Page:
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    7. Nope, lot of firms do this. Firms conduct interviews, and if they are doing this to you, who wants to work there? Non-response could be either not hiring, or waiting to hear back from somebody else.

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    8. Jordan Ross, do you believe you're a reality star from this blog? Your comment truly states what you think about not just attorneys but employees of a company.

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    9. During law school I interviewed with many firms in a different state and always received professional treatment and notice if they were unable to offer me a position of employment. However, I had several interviews with well known Nevada firms and completely different experience--general lack of professionalism--and complete lack of communication from them after flying out to interview. Probably a good thing I didn't end up working for any of them.

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    10. Congratulations, Jordan Ross! You've just ensured that I will never use your services.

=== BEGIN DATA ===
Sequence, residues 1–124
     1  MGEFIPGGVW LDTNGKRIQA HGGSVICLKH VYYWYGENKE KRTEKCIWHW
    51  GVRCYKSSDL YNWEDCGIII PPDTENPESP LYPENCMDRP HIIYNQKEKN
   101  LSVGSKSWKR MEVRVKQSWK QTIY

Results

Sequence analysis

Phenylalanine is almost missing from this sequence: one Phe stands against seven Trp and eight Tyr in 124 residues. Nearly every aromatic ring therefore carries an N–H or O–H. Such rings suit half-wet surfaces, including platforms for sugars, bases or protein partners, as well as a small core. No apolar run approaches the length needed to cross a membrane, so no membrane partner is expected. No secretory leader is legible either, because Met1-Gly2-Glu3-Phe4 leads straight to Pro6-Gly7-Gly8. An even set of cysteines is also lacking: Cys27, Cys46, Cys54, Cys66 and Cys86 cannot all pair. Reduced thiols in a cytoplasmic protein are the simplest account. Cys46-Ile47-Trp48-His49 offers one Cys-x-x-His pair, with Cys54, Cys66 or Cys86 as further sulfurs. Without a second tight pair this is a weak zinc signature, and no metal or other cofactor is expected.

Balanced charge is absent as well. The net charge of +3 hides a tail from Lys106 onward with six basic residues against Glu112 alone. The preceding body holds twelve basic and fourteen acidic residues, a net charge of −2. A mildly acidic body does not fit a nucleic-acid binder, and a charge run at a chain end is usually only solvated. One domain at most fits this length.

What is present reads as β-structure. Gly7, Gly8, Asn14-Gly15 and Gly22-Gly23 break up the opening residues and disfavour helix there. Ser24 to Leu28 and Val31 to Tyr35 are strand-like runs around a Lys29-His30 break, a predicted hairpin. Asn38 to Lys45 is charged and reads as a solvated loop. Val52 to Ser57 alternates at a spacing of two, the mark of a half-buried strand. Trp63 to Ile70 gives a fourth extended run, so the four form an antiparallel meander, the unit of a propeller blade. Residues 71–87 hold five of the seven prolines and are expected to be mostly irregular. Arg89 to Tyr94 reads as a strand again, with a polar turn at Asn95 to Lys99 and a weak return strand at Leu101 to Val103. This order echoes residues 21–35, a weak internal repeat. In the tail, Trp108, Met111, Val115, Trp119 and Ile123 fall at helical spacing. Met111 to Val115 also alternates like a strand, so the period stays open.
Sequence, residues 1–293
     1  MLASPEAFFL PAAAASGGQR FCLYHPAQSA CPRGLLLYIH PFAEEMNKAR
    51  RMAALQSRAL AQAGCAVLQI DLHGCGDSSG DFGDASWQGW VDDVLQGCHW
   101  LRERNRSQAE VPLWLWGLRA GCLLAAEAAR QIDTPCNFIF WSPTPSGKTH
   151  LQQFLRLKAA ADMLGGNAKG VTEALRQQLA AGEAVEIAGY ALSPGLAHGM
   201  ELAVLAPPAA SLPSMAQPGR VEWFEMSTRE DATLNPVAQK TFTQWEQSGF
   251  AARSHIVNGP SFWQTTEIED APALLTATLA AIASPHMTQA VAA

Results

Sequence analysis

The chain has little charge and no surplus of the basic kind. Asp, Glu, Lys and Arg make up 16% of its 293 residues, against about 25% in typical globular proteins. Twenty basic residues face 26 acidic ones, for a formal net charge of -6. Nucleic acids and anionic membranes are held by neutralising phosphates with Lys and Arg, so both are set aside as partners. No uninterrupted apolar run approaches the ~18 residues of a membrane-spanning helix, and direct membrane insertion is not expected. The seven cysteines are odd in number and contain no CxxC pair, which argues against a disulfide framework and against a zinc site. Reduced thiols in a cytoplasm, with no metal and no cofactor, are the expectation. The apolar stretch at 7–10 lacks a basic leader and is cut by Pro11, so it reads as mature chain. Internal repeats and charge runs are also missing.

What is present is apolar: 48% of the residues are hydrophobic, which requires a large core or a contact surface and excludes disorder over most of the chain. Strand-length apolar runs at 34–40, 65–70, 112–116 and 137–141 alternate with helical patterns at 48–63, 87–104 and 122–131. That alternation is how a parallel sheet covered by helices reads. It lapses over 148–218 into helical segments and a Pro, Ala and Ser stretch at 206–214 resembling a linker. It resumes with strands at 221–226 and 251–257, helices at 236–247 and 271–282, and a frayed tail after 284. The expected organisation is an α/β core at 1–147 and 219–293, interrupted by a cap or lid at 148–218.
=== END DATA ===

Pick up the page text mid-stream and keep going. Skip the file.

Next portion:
Recruiters are kind of a pain anyway -- their huge fees just make it harder for attorneys switching firms to get the compensation they want / deserve.

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    11. I'm with 1:05. Jordan Ross will never get my business and I will recommend that others use another recruiter. While it may be common for attorneys not to engage in routine acts of courtesy, it surely is not acceptable.

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    12. I think Jordan is being unfairly criticized here. I have worked with Jordan for a number of years and he has always been nothing but professional. Jordan isn't saying that it's OK for firms to behave in this unprofessional manner, he's just saying suck it up and move along if you are treated unprofessionally during the interview process. And you know what? He's right.